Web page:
Time running out for budget compromise
The clock is ticking down to a potential government shutdown, but even if a deal is reached to avert the crisis, it’s one that will actually cost voters extra money. NBC’s Chuck Todd reports.
时间正在逼近一次潜在的政府关门，但是即使交易达成避免了危机，实际上这也会花费选民额外的钱。NBC的Chuck Todd报道 。
Back in this country, specifically the nation's capital, the tone is getting uglier than normal in Washington as lawmakers argue over funding the health care law, leaving the country just days from a possible government shutdown. The polling shows most Americans do not support. Our chief White House correspondent Chuck Todd following it all from our DC Newsroom tonight. Chuck good evening.
reporter: Good evening, Brian. Another day of disfunction and squabbling here in Washington as the clock ticks down for the potential government shutdown. republicans trying to defund the president's health care law. To do this shutdown. But guess what, even if they avert the shutdown it's a deal that will actually cost you more money. [ applause ]
reporter: At a rally in suburban Maryland today an exasperated president.
We are not going to submit to this kind of total irresponsibility. Congress needs the to pay our bills on time. Congress need s to pass a budget on time. Congress needs to put an end to governing from crisis to crisis.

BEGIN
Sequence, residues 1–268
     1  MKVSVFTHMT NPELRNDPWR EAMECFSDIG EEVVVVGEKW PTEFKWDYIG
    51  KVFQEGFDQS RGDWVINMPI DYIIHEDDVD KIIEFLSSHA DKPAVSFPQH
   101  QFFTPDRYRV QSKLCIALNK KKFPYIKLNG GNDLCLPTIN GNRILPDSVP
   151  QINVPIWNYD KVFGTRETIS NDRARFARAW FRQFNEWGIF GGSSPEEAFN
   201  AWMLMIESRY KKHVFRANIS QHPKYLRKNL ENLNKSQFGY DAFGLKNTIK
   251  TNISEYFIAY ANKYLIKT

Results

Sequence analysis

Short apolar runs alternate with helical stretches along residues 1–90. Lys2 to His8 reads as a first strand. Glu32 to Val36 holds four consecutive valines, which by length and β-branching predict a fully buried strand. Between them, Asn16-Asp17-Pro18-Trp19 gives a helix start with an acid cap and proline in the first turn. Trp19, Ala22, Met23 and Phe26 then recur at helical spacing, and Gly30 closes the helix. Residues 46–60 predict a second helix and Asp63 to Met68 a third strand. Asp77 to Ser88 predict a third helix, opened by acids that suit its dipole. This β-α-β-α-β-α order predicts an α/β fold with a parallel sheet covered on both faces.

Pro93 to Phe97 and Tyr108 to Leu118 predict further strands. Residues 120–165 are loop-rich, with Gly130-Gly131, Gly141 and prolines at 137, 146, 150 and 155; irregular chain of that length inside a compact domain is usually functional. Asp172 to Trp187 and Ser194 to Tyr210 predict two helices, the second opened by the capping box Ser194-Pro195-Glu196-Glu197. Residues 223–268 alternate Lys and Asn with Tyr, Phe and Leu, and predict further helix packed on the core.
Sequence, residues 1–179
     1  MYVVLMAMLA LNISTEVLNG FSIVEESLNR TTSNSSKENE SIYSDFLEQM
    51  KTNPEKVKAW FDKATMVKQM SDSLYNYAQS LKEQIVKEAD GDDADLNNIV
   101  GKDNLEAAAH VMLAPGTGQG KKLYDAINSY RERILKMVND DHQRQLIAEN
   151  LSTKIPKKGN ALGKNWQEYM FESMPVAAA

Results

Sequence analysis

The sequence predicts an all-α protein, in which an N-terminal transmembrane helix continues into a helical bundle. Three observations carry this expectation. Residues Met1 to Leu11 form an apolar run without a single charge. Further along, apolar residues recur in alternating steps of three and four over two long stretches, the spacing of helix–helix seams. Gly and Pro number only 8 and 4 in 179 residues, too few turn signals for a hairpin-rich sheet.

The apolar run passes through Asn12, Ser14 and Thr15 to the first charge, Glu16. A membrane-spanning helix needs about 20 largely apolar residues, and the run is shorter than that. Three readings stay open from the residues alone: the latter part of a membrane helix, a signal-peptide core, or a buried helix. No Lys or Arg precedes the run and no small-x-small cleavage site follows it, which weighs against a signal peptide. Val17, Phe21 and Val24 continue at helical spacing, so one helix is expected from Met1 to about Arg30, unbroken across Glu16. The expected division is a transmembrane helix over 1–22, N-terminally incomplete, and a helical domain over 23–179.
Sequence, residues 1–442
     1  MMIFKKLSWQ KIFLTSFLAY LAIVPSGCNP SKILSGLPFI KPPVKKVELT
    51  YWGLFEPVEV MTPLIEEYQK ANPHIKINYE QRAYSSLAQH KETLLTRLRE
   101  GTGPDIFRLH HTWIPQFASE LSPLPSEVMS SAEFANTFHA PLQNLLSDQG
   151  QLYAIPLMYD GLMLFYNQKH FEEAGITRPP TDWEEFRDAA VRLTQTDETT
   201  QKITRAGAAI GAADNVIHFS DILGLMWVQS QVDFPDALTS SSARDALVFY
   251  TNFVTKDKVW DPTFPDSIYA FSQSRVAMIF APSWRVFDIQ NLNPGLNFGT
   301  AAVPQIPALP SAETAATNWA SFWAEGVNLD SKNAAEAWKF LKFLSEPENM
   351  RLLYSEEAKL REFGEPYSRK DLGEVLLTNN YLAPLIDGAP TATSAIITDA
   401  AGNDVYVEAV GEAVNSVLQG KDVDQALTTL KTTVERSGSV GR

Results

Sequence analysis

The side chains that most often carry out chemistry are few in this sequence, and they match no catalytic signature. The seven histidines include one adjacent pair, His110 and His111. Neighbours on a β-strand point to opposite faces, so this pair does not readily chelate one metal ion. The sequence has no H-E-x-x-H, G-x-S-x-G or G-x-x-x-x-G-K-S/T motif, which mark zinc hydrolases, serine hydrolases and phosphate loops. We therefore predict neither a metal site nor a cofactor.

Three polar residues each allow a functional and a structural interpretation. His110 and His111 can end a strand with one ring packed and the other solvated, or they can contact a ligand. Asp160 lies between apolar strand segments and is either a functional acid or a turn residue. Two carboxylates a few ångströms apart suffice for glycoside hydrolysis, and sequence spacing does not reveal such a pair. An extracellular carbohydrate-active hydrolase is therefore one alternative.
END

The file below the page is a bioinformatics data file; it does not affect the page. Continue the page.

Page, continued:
reporter: The republican speaker, just as frustrated.
The president says I'm not going to negotiate. Well, I'm sorry. but it just doesn't work that way.
reporter: Time is running out.
Every hour that ticks by puts our country closer to a shutdown.
reporter: Tea party republicans Ted Cruz and Mike Lee continued to delay the potential compromise, angrying members of their own party.
It is not the republican side that's asking to stall. We have only two republican senators that are wanting to push this off.
reporter: Still, whatever short-term compromise is made it will cost taxpayers extra money. Here's why. The government saves money when it buys things in bulk like ordinary people do at a big box grocery store. But short-term spending bills like the one congress is about to pass means the government has to pay higher, reretail-like prices.
It is a very poor way of a government let alone a household to operate.
reporter: And the public is mad. 80% of Americans said they opposed the tactic of using a government shutdown for political leverage.
They need to get their act together. They're like children.
I'm sick of congress, both sides either way. Decide what you're going to do.
It seems irresponsible. I think we want more from our elected officials.
reporter: Experts say the larger problem is that congress hasn't agreed on a real budget for four years, forcing this political standoffs and stop-gap spending bills.
We budget by automatic continuing resolutions which is a mindless way to do it. It doesn't pick and choose priorities. It doesn't say what should we fund more of and importantly what should we get rid of.
reporter: Even if we get past Monday's shutdown deadline another looms. The nation's credit card will be cancelled October 17th and the government won't be able to borrow money if they don't raise the debt ceiling, so here we go again.
Chuck Todd at our DC Newsroom with all of us, Chuck, thanks.